Miller’s focus is mostly on the debate about this subject within the evangelical community, which has seen eternal-torment literalists denouncing universalism as a heretical contradiction of Scripture.
The Catholic standpoint is ably, albeit briefly, presented by Boston College professor — and celebrated apologist — Peter Kreeft: The church affirms the existence of hell, its eternity and the peril it poses to those who persistently reject God’s love in this life (Catechism of the Catholic Church, section 1035). Yet the secret workings of repentance are such that the church asserts no definitive judgment as to the eternal damnation of any given individual, even the great monsters of history.
Thus, as Kreeft points out, Catholics can hope for a universalist outcome but can never be certain of it.
Both Kreeft and Orthodox Archbishop Lazar Puhalo of Ottawa, Ont. — who conveys the Eastern Christian view — come across as more reflective and humane than some of the hard-line Protestant fundamentalists with whom Miller talks — and with whom he clearly disagrees.
Miller goes to the fringes at both extremes. He chats with the aforementioned head-bangers, who casually side with Satan; and he debates members of the infamous Westboro Baptist Church, a sect that has stirred nationwide revulsion with its hate-mongering protests. Asked what percentage of people will wind up in everlasting horror, one Westboro picketer cheerfully replies, “99.99999 per cent.”
Along with the obvious issue of its potentially upsetting theme, some less than kid-friendly images and words make this intelligent exploration of a weighty subject suitable for grown-ups only.
The film contains a brief act of blasphemy as well as a few rough and
crude terms. The Catholic News Service classification is A-III — adults.
Not rated by the Motion Picture Association of America.
Silent Hill: Revelation 3D
NEW YORK (CNS) — Early on in the dopey horror sequel Silent Hill: Revelation 3D (Open Road), one character admonishes another: “Don’t go to Silent Hill!” That’s sound advice.
With its messy mythos, uninteresting characters and cliched imagery — an insane asylum, check, a ruined amusement park, check — writer-director Michael J. Bassett’s followup to 2006’s Silent Hill is as stiff as its innumerable corpses. While not as blood-soaked as the worst in the genre, moreover, his movie also features an excess of gory wounds and severed limbs.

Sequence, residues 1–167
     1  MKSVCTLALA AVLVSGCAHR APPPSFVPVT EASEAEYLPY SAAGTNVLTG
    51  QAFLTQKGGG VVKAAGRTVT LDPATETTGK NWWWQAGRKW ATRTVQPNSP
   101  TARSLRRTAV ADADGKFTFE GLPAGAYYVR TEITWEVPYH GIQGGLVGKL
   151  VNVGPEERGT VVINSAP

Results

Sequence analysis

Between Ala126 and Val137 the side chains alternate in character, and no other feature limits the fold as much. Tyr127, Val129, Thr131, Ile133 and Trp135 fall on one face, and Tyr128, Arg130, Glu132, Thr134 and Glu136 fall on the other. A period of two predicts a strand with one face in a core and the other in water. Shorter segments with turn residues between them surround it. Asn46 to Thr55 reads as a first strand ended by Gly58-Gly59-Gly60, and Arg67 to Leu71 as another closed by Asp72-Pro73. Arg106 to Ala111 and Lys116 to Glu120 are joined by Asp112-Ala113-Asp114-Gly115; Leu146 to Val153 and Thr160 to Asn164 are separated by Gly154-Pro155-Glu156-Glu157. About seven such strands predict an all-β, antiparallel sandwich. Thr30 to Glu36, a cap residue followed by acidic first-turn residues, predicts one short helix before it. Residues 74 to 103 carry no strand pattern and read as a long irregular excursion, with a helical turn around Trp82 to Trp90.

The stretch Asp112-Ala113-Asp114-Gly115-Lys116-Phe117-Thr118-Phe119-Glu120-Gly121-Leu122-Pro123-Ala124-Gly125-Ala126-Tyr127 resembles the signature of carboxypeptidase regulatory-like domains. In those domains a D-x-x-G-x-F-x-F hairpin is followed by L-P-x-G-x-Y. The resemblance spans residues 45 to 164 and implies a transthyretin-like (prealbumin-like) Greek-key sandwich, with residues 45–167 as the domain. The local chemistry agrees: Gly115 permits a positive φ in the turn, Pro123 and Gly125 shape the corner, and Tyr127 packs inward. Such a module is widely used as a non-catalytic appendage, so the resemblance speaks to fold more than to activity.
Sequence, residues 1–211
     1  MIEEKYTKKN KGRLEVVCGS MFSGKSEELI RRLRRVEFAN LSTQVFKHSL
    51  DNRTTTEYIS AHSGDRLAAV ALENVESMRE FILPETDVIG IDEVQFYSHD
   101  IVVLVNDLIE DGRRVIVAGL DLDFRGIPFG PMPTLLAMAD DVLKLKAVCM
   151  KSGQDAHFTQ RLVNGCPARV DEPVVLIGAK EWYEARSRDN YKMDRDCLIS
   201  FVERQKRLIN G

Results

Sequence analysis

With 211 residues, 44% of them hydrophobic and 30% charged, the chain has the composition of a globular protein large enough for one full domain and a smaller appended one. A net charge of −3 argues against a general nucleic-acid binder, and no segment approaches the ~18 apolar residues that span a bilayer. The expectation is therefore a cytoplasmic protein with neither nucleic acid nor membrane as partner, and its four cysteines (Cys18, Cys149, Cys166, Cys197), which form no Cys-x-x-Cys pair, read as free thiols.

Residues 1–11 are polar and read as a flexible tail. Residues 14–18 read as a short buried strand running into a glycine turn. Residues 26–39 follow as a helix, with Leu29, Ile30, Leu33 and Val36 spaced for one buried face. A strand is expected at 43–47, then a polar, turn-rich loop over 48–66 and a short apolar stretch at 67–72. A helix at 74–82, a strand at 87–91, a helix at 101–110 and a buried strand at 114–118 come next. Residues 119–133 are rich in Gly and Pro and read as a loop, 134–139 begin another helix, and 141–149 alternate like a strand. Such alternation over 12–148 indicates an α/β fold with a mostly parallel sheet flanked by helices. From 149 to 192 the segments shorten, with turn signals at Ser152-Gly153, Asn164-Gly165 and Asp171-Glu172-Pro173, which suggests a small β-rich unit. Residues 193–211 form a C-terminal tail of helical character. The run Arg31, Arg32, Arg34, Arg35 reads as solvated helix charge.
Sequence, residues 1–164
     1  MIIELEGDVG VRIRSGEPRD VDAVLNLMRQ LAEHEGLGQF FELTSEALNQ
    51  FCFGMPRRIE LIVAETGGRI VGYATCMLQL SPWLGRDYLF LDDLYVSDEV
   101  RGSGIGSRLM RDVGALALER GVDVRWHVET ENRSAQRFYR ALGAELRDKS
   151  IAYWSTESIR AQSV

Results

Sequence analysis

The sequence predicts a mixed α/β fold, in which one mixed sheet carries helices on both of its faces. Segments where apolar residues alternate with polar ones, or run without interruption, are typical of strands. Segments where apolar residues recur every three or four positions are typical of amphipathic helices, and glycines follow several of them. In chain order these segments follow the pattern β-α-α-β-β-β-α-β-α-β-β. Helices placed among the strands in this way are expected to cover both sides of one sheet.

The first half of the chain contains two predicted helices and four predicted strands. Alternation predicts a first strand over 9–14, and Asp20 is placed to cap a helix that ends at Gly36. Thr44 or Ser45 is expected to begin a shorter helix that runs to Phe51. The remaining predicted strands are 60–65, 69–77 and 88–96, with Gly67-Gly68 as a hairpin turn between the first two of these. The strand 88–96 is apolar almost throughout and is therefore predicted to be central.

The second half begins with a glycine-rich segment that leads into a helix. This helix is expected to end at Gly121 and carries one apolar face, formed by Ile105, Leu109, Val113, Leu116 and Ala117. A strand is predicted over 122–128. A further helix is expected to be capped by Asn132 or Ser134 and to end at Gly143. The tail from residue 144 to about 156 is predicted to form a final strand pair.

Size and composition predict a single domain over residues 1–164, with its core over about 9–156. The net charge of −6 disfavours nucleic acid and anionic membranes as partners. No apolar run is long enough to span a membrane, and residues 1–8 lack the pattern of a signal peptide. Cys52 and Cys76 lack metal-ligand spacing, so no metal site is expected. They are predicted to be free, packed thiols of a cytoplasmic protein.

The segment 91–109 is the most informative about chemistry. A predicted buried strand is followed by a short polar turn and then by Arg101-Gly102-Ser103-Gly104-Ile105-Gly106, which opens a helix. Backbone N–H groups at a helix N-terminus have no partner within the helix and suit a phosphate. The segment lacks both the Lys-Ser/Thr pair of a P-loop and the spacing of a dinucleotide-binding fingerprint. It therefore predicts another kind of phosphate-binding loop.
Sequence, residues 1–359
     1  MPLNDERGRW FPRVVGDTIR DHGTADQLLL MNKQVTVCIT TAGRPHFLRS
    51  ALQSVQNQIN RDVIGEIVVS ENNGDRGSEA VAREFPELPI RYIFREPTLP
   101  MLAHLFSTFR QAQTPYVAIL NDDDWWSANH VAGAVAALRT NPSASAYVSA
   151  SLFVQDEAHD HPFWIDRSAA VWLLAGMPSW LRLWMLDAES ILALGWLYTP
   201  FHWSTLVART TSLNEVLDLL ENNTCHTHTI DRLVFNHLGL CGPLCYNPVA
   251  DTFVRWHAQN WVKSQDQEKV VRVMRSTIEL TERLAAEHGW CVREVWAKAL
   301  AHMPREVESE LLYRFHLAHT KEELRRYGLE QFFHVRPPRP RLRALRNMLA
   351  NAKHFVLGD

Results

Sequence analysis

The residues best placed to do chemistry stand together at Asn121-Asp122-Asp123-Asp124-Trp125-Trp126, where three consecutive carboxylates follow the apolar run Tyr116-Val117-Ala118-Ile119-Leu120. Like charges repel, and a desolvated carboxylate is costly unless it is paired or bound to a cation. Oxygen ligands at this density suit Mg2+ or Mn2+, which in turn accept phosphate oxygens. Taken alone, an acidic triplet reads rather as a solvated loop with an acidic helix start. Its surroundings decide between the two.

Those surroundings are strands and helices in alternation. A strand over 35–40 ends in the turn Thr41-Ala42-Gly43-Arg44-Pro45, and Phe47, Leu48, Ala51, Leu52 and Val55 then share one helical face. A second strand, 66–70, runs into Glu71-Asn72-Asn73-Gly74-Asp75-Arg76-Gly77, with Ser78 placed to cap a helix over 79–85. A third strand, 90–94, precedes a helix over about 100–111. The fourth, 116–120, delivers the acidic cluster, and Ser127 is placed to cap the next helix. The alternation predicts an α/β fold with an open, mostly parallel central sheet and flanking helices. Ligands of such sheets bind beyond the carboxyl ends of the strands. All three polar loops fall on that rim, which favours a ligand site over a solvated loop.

Based, like its predecessor, on a series of video games, the film follows the tormented adventures of a teen girl whose name may or may not be Heather Mason (Adelaide Clemens). Together with her widowed father Christopher (Sean Bean), Heather is a fugitive from the pestering attentions of a pack of demons who reside, apparently, in the ghost town of the title.
When Dad disappears, abducted by same, Heather gains the aid of admiring school chum Vincent (Kit Harington) as she journeys to the haunted locale. There she hopes to rescue papa and solve the mystery of her cursed identity.
The convoluted backstory contains some passing quasi-religious references to “the god” as well as to Heather’s potential role as a “saviour.” And outside the aforementioned loony bin there’s a figure who, for no very apparent reason, has been crucified. But viewers may be too busy wondering why one of the residents of Silent Hill — a sword-wielding giant — has his head jammed inside a wedge of metal shaped like a slice of Brie to notice.
At one point in her wanderings, Heather encounters a nude female whom the demons are about to transform into a mannequin — but not, of course, before the audience gets a glimpse of her still-human torso. That bit of peek-a-boo aside, though, the sexual content is minimal. Heather and Vincent share a Bates Motel-like room together, but they behave themselves perfectly.